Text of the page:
Updating of the database will be necessary because our knowledge is constantly changing. Some of our current "knowledge" is little more than educated guesses, some not so educated; some is based on errors; and some is speculative extrapolation across fact-deficient gaps. As our knowledge improves, older entries recorded in the database will not be erased and replaced by the newer knowledge; instead, the new knowledge will be recorded and flagged as superceding the old knowledge, which will remain in the database. If new information is obtained on the toxicity of some chemical, the new value of the toxicity will be recorded, according to computer logic, between the old value and the interface through which Omnifices read the information, so that the new value and its flag are read before the old value that has been superceded.

    The Wicked Queen does not want to change the toxicity of Princessnuff by updating the chemical database. If her plot were to succeed, her participation in the updating process would implicate her in the poisoning of Snow White. And, of course, her effort would not succeed. No individual will be allowed to update the public database without proper authorization any more than you or I could frivolously update the Sears Catalogue or the Handbook of Chemistry and Physics. The only thing we can do to the public database is to add new knowledge, even if it’s a variation on something old, but we will not be allowed to update old knowledge unless the system recognizes us as the proper author (or proper successor to the author) of the old knowledge. To be recognized as a proper successor to the author of the toxicity listings that the Omnifices use the Wicked Queen would be required, among other things, to obtain a doctor’s degree in medicine, specializing in biochemistry, from a properly accredited college or university. Even if she were to fulfill all such requirements, her proposed update of the toxicity of Princessnuff, because it’s so large, would end up being rejected: the computer would demand a complete description of how she obtained her result so that it could ask several laboratories to confirm it through experiments of their own and, as you might guess, she can’t meet any such demand.

    What the Wicked Queen must try to do, then, is to make a lie out of what I said about information being unchangeable once it is recorded in the database. To achieve that goal she must somehow alter the appropriate records physically.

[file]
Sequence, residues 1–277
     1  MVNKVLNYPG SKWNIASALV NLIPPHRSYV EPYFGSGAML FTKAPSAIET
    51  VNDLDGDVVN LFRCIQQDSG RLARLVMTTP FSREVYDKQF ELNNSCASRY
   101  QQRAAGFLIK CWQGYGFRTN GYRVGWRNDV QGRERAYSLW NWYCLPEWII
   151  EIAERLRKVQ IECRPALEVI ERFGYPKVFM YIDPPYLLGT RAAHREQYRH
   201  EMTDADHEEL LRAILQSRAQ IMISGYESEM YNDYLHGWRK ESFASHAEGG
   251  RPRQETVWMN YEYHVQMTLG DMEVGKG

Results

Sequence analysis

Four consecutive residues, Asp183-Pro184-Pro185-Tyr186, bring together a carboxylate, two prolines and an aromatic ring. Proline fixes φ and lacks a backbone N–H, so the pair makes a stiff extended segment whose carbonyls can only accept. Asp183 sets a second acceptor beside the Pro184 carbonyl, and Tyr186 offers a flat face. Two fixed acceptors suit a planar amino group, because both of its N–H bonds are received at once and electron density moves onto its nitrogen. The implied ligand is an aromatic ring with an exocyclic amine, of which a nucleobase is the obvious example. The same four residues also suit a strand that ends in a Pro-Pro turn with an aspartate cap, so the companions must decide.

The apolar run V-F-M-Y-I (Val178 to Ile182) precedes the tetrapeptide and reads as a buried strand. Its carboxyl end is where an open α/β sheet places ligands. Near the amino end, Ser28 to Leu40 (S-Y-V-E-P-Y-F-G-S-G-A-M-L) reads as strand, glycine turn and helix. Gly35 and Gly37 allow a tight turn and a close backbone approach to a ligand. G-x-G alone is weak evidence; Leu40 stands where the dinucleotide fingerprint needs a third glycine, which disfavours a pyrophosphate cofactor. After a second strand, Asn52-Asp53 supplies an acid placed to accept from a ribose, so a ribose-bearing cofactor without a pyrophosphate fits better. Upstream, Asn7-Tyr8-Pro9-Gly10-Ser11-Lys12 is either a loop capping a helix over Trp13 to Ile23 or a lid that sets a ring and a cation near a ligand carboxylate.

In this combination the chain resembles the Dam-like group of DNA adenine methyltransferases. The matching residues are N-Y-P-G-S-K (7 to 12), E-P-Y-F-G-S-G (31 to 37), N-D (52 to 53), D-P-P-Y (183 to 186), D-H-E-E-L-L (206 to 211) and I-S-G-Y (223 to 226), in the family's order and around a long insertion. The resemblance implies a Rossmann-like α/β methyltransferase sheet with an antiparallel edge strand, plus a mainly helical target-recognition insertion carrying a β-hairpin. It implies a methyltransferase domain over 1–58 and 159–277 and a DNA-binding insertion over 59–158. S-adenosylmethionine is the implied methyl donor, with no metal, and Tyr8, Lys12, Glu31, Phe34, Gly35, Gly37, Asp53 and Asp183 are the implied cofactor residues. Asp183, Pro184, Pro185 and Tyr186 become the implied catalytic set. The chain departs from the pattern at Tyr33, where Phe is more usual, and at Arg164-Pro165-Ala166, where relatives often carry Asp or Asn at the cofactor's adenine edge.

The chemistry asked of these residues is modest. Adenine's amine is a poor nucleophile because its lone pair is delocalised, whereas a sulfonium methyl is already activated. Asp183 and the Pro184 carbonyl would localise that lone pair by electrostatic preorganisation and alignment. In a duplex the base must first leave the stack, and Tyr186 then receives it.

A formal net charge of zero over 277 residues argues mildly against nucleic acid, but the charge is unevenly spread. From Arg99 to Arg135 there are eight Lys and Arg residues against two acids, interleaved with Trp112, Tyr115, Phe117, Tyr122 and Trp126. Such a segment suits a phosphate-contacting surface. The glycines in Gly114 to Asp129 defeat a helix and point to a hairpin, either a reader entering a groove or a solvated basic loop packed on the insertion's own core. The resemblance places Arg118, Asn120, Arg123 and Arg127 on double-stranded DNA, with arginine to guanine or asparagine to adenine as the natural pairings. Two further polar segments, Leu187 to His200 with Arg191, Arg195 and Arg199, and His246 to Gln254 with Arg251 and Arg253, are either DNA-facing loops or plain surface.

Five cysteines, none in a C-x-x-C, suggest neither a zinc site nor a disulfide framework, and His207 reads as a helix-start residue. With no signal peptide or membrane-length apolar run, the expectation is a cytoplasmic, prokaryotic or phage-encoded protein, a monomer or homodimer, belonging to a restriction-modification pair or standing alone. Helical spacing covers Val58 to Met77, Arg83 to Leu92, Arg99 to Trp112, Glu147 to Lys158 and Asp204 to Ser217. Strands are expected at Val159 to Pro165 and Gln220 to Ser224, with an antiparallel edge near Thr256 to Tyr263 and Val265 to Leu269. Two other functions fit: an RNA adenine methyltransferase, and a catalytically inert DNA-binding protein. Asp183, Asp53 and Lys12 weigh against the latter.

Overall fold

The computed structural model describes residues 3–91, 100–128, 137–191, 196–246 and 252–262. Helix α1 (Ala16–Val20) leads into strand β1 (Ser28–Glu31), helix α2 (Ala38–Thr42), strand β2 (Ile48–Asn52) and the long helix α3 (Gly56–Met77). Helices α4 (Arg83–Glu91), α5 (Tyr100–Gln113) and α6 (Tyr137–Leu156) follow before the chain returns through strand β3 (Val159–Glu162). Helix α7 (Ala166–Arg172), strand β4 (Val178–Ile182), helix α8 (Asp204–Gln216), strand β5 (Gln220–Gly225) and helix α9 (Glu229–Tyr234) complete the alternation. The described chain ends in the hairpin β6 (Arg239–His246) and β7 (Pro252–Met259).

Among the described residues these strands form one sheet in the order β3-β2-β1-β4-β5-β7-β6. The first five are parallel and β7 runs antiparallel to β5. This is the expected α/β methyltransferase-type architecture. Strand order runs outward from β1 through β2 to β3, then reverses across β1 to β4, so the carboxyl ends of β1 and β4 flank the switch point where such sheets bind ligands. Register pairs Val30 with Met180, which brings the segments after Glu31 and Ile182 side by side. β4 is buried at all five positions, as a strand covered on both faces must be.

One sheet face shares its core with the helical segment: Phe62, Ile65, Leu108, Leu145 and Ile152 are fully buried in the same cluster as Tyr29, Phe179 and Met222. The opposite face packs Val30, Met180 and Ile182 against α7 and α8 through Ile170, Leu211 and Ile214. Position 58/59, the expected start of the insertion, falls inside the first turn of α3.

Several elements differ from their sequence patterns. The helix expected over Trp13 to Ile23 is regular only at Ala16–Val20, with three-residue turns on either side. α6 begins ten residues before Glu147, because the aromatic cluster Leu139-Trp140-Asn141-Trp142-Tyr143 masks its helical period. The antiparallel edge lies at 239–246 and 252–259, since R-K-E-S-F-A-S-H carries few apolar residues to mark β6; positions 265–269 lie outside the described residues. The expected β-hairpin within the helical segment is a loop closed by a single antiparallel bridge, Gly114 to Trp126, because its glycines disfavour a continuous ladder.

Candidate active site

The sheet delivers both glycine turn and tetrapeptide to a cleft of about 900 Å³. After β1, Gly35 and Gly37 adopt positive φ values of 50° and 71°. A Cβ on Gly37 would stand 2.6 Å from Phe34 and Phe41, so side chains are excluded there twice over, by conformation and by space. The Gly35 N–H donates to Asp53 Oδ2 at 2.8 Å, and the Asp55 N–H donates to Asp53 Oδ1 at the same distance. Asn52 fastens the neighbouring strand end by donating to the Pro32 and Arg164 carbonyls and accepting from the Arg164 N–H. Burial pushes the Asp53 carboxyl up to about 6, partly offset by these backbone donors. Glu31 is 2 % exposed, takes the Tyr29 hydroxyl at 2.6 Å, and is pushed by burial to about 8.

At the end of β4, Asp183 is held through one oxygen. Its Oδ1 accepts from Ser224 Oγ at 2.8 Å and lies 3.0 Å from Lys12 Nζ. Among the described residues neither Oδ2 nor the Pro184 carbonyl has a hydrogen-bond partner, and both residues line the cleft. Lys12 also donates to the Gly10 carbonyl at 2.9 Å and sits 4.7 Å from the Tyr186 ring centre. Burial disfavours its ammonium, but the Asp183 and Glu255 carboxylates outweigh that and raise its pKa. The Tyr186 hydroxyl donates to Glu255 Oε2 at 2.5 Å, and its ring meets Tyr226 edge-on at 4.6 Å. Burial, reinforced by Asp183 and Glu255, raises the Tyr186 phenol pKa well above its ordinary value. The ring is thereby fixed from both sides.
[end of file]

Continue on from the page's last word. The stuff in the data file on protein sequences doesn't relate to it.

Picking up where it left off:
She won’t be able to enter the data bank to do the job herself. Humans absolutely won’t be allowed into the vaults and several measures will ensure the security of that prohibition. First, humans will be barred from the bank’s grounds by robot guards and a security system that will be alert to aerial or tunneling attempts to intrude. Second, the vaults themselves will be so built that no human could move around in them even if they could get in (the vaults will be tended by robots the size of lap dogs). And third, there’s no way in: the only openings through which material things can enter the vaults will accommodate only chemical soup and fresh Omnifex plates (everything else needed in the vaults, such as robots and memory plates, will be created in the vault through the vault’s Omnifices).

    But the Wicked Queen doesn’t need to enter the vault herself: it occurs to her to think of using a proxy, a robot henchman created in place through the vault’s Omnifex. In that plan she would be doing pretty much what today’s hackers do when they electronically burglarize other people’s computers. If you think of a computer as a museum with art treasures stored behind locked doors, then you see that the access codes are like a set of keys that unlock the doors. A hacker, through his keyboard proxy, either steals a set of keys or picks the locks. Once he has thus gained entry to someone else’s computer the hacker is free to vandalize and/or rob his victim’s files. In much the same way the Wicked Queen would gain access to the computer that operates the data bank’s Omnifex and through it induce the Omnifex to make copies of the modified memory plate and the preprogrammed henchbot that she has designed. Once that’s done the henchbot would locate the true memory plate (the one that carries the toxicity data on Princessnuff), remove it, and replace it with the false plate. Then it would take the true plate and disappear into the vault’s Omniphage with it. If that happens, Snow White is doomed.